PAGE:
Arduino at the Exploratorium, June, 2012


Michael Shiloh
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Plan, roughly:

  1. Theory and practical introduction
  2. Simple robot and controlling higher current (motor)
  3. Sensors and reversing motor, more complex programming, and blink without delay
  4. Hacking a toy or electronic device
  5. TBD
  6. TBD

Week 1: Theory and practical introduction

Depending on what supplies and materials everyone has:

  1. Install Arduino IDE and blink light
  2. Learn how to use the solderless breadboard
  3. Add an LED to a different pin
  4. Program to alternate
  5. Basic circuits
  6. Build a simple LED and resistor circuit using the 5V supply from Arduino
  7. Add a transistor, pull up switch, pull down resistor
  8. This is the heart of a microcontroller
  9. Switch is a simple sensor (bump, tilt, window, flow, pressure mat, fridge door, etc.
  10. digitalRead() is how you would access the switch in Arduino
  11. What about analog? What is it? Amount of light, pressure, distance, temperature, etc.
  12. Photoresistor and analogRead()
  13. Conditional to turn LED if light is over some threshold
  14. Serial.println()
  15. analogWrite()
  16. Homework:
    1. Read Learn electronics using Arduino by Lady Ada
    2. Read the following tutorials on the Arduino website:
      1. Blink: Turn an LED on and off.
      2. DigitalReadSerial: Read a switch, print the state out to the Arduino Serial Monitor.
      3. AnalogReadSerial: Read a potentiometer, print it’s state out to the Arduino Serial Monitor.
      4. Fade: Demonstrates the use of analog output to fade an LED.
      5. ReadAnalogVoltage : Reads an analog input and prints the voltage to the serial monitor
    3. Explore the Arduino built- in examples (File->Examples) and pick one ore two that you’d like to learn more about
    4. Reply to Ray by Thursday noon regarding the robot project

Week 2:  Simple robot and controlling higher current (motor)

  1. Lecture
    1. Simple circuit theory: voltage, load, closed circuit
    2. Mechanical switch, transistor switch
    3. Transistor as output of microcontroller
    4. digitalWrite() turns one of two transistor switches on. HIGH connects output to 5V and LOW connects output to GND.
    5. But, transistor gets hot whenever current runs through it. The more current, the more heat. Too much heat will damage the transistor, so we have to be aware of the maximum current a transistor can handle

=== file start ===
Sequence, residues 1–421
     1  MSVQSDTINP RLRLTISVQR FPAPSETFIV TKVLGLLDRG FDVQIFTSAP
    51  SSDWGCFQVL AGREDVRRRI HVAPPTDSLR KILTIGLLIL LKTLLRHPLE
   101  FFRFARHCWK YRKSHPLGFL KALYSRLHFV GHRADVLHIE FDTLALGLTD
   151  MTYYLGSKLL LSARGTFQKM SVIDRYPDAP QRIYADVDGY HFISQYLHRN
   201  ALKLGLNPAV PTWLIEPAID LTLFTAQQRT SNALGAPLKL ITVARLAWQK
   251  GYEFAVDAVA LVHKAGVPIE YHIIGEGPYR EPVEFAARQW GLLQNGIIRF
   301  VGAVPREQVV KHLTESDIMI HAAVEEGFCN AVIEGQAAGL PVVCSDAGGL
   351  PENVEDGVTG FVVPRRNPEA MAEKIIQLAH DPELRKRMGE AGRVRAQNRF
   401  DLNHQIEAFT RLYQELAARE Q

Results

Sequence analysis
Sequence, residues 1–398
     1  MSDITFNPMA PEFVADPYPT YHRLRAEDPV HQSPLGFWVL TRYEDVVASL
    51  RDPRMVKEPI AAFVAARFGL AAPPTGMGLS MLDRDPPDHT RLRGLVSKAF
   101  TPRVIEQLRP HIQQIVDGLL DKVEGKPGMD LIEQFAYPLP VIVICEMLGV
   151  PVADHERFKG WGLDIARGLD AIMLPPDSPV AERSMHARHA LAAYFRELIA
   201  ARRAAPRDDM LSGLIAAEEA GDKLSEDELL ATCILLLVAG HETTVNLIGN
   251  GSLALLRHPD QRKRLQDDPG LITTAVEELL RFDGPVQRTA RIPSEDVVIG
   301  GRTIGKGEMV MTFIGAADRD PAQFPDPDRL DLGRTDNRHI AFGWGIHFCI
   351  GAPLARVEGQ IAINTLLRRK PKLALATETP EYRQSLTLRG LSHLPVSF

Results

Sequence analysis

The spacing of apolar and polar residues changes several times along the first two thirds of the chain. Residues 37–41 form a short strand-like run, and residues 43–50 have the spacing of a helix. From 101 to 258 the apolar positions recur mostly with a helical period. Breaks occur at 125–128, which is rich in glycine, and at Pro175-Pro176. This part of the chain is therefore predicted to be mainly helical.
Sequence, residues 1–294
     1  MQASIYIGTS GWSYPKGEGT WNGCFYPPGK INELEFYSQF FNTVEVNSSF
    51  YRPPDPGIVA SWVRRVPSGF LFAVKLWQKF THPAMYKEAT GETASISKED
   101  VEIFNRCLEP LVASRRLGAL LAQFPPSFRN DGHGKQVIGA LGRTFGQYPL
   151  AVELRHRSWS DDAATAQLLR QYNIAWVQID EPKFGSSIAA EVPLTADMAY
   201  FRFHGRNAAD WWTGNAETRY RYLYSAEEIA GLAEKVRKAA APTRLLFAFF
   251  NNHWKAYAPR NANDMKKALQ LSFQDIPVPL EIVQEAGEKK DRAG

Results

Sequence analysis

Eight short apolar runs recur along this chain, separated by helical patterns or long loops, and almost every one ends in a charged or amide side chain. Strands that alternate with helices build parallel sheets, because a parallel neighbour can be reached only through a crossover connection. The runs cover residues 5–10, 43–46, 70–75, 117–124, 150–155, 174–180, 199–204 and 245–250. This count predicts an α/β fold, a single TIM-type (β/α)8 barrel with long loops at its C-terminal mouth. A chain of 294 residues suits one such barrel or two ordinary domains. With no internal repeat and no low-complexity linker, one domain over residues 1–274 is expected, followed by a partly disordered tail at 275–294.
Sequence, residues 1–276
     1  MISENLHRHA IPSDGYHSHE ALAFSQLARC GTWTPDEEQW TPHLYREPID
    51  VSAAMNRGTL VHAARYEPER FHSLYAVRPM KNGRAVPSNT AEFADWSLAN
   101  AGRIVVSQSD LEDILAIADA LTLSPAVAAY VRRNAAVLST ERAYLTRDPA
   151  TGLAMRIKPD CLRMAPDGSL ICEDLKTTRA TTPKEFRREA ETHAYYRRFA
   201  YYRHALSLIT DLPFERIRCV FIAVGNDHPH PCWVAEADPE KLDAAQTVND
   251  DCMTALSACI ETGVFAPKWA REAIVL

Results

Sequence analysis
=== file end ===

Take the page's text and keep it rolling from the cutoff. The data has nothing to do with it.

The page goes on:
6. The transistors at the outputs of Arduino can only handle 40 mA. An LED uses about 30 mA, while a typical small motor uses hundreds or thousands of mAs Does that mean that the only thing we can control are LEDs?
    7. No; a transistor is not only a switch, but it is also an amplifier; that is, a small current can control a larger current, just as you use a lever to amplify a small force to lift a heavy boulder.
  2. Lab
    1. Use a transistor to control a motor
    2. Use PWM to vary the speed of a motor
    3. Use a pair of photoresistors to control which of two motors to activate
  3. Homework:
    1. Build a light-seeking robot

Week 3:  More sensors, why we can’t reverse with the transistor I gave you, and how to interface to an external IC (in this case so that we can reverse our motor)

Links to information regarding the motor controller (or more correctly, “quad half H-bridge driver”) IC we’re using

  1. Datasheet for the L293/SN754410
  2. Control your motors with L293D at Let’s Make Robots
  3. DC Motor Control Using an H-Bridge at NYU ITP Physical Computing page

Week 4:  Hacking a toy or electronic device

  1. Output (control)
    1. Direct
    2. Transistors (PNP and NPN) and their limitations (limited isolation, DC, pull up or pull down)
    3. Relays (reed)
    4. Opto isolators (essentially an LED) (e.g. Jameco Part no. 320805)
  2. Input (sensing)
    1. Direct
    2. Voltage dividers
    3. Transistors (PNP and NPN) and their limitations (limited isolation, DC, pull up or pull down)
    4. Relays (reed)
    5. Opto isolators (essentially an LED)

Week 5: 

  1. PID (although I know very little about this)
  2. Autocalibration
  3.  LCD displays
  4. Interrupts
  5. Interracting with a program on your computer

Week 6:

  1. PID (although I know very little about this)
  2. Interacting with a program on your computer
  3. Blink without delay
  4. Extending functionality through libraries (e.g. this library for creating capacitive sensors

Other options:

  1. Interfacing Arduino to the internet via a program running on your computer
  2. Finish robots and add intermediate robotic concepts to the robot: line following, collision detection and avoidance, sound effects
  3. Tri-color LEDs (I have some)
  4. Using shields (you can share mine: wifi, ethernet, CANbus, wav (play sound clips or full songs!), motor (big motors), GSM (you provide a SIM card and it connects to the cellphone SMS network – control your robot via SMS text messages!) and some others I’m forgetting
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